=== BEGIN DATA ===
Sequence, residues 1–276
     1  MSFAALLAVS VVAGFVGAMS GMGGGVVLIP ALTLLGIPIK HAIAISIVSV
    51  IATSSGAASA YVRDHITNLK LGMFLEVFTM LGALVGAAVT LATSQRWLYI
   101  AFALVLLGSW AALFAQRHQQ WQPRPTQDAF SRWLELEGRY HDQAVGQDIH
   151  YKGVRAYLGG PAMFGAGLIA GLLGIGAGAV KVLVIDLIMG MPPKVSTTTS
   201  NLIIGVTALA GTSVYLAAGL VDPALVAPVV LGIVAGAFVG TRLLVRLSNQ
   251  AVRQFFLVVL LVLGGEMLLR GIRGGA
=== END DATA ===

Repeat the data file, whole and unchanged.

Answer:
Sequence, residues 1–276
     1  MSFAALLAVS VVAGFVGAMS GMGGGVVLIP ALTLLGIPIK HAIAISIVSV
    51  IATSSGAASA YVRDHITNLK LGMFLEVFTM LGALVGAAVT LATSQRWLYI
   101  AFALVLLGSW AALFAQRHQQ WQPRPTQDAF SRWLELEGRY HDQAVGQDIH
   151  YKGVRAYLGG PAMFGAGLIA GLLGIGAGAV KVLVIDLIMG MPPKVSTTTS
   201  NLIIGVTALA GTSVYLAAGL VDPALVAPVV LGIVAGAFVG TRLLVRLSNQ
   251  AVRQFFLVVL LVLGGEMLLR GIRGGA